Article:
Torah Lishma, Torah For Its Own Sake

Teachings from Our Rabbi


Celebrating Sukkot

on Saturday, 01 October 2011. Posted in Rabbi Marshall's Articles

The ORacle, October 2011 Issue

Our Temple Beth Or Sukkot celebration is always a spirited communal gathering filled with music, stories, and the beauty of the night sky above us. This year will be no exception—we will enjoy a Shabbat dinner hosted by the membership committee and then share Shabbat in our Sukkah.

Teshuvat HaGeder: Designing Our Fences

on Wednesday, 28 September 2011. Posted in Rabbi Marshall's Sermons

Erev Rosh Hashanah 5772

I recently asked a congregant to share a personal reflection during the High Holidays. The response:

“Rabbi, when I examine myself, I realize that I come up with the same short comings year after year. It's not that I don't see any improvement at all, or that I have unrealistic expectations.

I just experience myself struggling with the same exact issues every year. And of course, they all have to do with interpersonal relationships— how can I be a better mother, a better wife, a better friend. It gets...disheartening.”

The King in the Field

on Thursday, 01 September 2011. Posted in Rabbi Marshall's Articles

The ORacle, September 2011 Issue

Rabbi Schneur Zalman of Liadi explains the paradox of Elul with the following metaphor: The king’s usual place is in the capital city, in the royal palace. Anyone wishing to approach the king must go through the appropriate channels in the palace bureaucracy and gain the approval of a succession of royal secretaries and ministers. They must journey to the capital and pass through the many gates, corridors and antechambers that lead to the throne room. Their presentation must be meticulously prepared, and they must adhere to an exacting code of dress, speech and mannerism upon entering into the royal presence.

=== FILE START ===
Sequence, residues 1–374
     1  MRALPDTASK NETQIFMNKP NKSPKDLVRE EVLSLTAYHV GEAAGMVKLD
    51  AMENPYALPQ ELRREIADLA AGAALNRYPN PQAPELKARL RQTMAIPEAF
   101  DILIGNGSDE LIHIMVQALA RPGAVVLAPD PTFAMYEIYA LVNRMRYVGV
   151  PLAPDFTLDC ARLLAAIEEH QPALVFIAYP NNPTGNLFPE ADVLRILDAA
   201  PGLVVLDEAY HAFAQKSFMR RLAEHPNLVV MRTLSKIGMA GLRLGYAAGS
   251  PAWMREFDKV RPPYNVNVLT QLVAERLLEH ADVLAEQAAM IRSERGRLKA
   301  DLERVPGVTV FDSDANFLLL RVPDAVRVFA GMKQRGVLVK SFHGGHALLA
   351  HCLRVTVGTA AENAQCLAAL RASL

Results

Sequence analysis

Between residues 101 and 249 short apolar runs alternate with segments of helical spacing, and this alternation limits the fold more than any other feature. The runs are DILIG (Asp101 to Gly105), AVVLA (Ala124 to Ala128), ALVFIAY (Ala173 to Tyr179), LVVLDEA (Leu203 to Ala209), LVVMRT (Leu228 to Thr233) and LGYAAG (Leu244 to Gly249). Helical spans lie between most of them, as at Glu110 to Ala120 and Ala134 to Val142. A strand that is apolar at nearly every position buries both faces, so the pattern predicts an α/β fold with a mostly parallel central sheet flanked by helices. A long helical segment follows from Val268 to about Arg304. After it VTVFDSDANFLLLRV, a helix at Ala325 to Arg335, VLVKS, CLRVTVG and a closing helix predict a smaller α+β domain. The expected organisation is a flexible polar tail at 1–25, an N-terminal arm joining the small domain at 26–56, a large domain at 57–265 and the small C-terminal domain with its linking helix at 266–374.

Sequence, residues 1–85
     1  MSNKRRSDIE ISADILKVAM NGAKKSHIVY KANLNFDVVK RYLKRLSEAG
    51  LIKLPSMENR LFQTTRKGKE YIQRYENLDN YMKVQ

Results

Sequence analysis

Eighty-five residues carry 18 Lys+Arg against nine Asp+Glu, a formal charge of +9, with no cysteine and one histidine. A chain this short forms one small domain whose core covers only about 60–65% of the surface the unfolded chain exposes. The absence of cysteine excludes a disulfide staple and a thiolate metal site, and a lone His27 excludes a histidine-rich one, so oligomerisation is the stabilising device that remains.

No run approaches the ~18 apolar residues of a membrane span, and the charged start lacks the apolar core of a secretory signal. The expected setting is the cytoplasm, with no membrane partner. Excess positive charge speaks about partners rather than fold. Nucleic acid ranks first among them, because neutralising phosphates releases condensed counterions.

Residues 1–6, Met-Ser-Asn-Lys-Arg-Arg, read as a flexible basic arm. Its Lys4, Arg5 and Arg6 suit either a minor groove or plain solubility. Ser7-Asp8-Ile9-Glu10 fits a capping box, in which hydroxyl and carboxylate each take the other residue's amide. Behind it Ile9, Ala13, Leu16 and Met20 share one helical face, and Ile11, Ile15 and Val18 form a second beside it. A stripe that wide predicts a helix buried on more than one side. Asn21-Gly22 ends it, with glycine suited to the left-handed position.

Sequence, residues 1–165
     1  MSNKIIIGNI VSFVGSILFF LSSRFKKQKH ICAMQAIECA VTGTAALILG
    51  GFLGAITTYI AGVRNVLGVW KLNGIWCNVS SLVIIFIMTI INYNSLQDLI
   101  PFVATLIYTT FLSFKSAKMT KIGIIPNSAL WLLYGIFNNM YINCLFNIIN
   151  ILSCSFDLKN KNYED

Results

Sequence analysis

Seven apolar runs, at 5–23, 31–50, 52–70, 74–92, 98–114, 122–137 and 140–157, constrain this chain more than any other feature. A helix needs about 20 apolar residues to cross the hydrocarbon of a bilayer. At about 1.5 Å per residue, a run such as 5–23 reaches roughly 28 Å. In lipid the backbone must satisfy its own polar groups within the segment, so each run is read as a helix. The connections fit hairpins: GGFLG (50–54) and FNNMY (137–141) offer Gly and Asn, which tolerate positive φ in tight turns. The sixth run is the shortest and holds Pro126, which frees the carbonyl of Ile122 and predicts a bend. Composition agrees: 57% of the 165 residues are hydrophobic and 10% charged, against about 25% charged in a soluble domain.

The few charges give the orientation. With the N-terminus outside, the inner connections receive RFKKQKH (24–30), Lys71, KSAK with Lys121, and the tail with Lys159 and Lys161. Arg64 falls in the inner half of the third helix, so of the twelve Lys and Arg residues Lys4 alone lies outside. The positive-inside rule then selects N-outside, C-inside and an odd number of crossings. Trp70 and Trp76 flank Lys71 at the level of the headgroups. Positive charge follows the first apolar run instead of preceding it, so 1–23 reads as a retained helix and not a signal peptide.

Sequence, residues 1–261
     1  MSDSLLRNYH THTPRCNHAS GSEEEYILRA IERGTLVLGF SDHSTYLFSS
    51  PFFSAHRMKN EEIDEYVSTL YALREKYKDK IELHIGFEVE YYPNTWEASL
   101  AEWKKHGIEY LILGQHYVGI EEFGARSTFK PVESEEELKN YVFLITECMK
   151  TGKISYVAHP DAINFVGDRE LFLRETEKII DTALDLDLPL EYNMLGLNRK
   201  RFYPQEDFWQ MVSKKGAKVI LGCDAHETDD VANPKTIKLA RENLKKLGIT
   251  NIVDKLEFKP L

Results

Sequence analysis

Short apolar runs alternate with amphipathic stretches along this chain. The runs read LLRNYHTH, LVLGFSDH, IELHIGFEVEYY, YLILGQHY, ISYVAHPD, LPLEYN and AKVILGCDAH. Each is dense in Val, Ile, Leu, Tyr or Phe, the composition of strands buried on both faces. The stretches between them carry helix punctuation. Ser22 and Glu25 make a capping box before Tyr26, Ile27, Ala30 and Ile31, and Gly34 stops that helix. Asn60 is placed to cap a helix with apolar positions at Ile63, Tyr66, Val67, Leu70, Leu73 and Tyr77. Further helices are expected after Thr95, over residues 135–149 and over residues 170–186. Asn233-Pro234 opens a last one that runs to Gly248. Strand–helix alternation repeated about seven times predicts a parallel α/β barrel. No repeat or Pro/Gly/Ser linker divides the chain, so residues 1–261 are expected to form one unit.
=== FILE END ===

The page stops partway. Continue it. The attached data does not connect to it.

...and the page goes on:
When is Self-Sacrifice Permissible?

on Saturday, 30 July 2011. Posted in Rabbi Marshall's Sermons

Parshat Ma’asei

 The value of human life, pikuach nefesh, prevails above all else in Judaism. A person’s survival is of highest worth…except in three cases—there are three things that Jews are commanded to refrain from even if this means being killed themselves: committing or abetting an act of murder, being a party to incest, and engaging in idol worship. // Committing or abetting an act of murder, being a party to incest, and defaming God’s name.

A Rabbinic Vision for Religious School

on Friday, 01 July 2011. Posted in Rabbi Marshall's Articles

The ORacle, July-August 2011 Issue

Teaching Torah begins with developing relationships, and this coming year at Religious School, my time with the students will focus on deepening our connections. Together, we will deepen our understanding of theology and, spirituality, and through this lens, explore Jewish identity. Therefore during my time with the students, we will examine feelings about God and what being Jewish means to them.

<<  1 2 3 4 [56 7 8 9  >>